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Young Einstein was awaiting the birth of his sister. His mother and father had been telling him for months to look forward to having somebody to play with. When Einstein eventually got to see his sister, he exclaimed disappointedly “But, it doesn’t have wheels!”

That happens a lot in IT. Young Einstein had a very good excuse, we don’t.

Do you want people to be thrilled and delighted by data warehousing and business intelligence? Then to start with, make sure you can check all of these:

  • You’ve got business requirements from real business users? Check!
  • You’ve scoped the requirements? Check!
  • Including the ubiquitous dimensional model or reporting model? Check!
  • It’s small enough to be doable in 3 months or less? Check!
  • And, big enough to be significant for the commissioning business users? Check!
  • You’ve got management and budgetary approval to proceed? Check!
  • A Data Warehouse (Entity/Relationship or Conformed Dimensions and Facts) will be an integral part of your architecture? Check!
  • The four fundamental design principles of the Data Warehouse will be strictly adhered to? Check!
  • The data in the Data Warehouse will be subject oriented? Check!
  • The data in the Data Warehouse will be integrated? Check!
  • The data in the Data Warehouse will be time-variant? Check!
  • The data in the Data Warehouse will be non-volatile? Check!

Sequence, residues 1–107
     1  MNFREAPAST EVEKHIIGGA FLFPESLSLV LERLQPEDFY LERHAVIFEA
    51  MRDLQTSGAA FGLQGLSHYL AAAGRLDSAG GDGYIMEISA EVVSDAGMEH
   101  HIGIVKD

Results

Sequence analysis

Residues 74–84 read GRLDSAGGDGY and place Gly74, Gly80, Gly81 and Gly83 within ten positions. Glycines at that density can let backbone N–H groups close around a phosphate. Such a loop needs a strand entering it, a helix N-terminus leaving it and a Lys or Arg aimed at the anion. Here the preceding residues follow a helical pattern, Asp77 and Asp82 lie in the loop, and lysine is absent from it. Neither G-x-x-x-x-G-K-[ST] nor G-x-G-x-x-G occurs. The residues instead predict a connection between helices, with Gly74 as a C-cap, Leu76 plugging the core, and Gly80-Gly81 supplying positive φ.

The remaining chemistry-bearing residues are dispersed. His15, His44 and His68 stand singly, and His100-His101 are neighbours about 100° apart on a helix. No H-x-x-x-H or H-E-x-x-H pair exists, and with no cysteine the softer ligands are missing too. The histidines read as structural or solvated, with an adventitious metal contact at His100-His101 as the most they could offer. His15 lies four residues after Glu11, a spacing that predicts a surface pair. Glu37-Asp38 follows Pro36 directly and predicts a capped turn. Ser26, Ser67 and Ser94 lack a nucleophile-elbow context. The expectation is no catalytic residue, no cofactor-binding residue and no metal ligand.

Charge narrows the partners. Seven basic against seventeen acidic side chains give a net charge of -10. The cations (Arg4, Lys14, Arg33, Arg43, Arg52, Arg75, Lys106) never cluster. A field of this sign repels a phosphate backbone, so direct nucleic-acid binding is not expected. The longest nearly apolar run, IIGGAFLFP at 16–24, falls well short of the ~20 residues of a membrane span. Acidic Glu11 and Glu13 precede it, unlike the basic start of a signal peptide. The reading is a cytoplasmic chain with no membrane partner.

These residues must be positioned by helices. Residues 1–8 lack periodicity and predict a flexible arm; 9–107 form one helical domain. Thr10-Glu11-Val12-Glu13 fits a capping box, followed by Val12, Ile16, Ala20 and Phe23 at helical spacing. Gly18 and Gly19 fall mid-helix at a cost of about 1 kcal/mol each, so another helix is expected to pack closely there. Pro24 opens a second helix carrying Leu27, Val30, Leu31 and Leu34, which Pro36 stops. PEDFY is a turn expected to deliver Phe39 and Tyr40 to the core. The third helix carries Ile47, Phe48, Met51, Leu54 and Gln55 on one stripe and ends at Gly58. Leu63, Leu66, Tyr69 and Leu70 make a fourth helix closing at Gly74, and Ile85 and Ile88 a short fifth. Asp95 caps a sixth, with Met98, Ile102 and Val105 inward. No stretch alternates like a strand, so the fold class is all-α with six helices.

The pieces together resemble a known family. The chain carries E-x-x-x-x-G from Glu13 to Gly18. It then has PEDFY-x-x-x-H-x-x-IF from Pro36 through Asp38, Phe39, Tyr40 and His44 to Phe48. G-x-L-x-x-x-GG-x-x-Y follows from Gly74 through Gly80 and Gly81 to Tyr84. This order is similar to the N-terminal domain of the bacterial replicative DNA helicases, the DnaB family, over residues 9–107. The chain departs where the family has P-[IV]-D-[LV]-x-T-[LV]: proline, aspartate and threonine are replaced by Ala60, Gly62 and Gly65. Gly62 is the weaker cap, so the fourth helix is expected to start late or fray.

• Your business users will be working with you, every step of the way? Check!

Pretty straightforward, right? There is no rocket surgery involved, and getting the above right will cover up to 90% of the major fundamentals of getting Data Warehouse right, at least, at the beginning – even if you are back at the beginning for the umpteenth time.

Later we can address other aspects, such data quality, testing and performance, but right now, I want to focus on the core essentials, because when Data Warehousing fails, it is well before issues of data quality, testing and performance become problematic.

So, why do Data Warehouse projects fail, and why so many of those botches can be put down to failures to check one or more of the twelve points made above?

  1. The first exhibit can be summed up as: I don’t need Inmon or Kimball to inform me on how to do this stuff! Incredible but true, there are actually people out there who will claim, without blushing that “I don’t need no West Coast stuffed shirt liberal academics to tell me how to do Data Warehousing. I know data, I know warehousing and I know my business, and no jumped up punk is going to tell me otherwise”.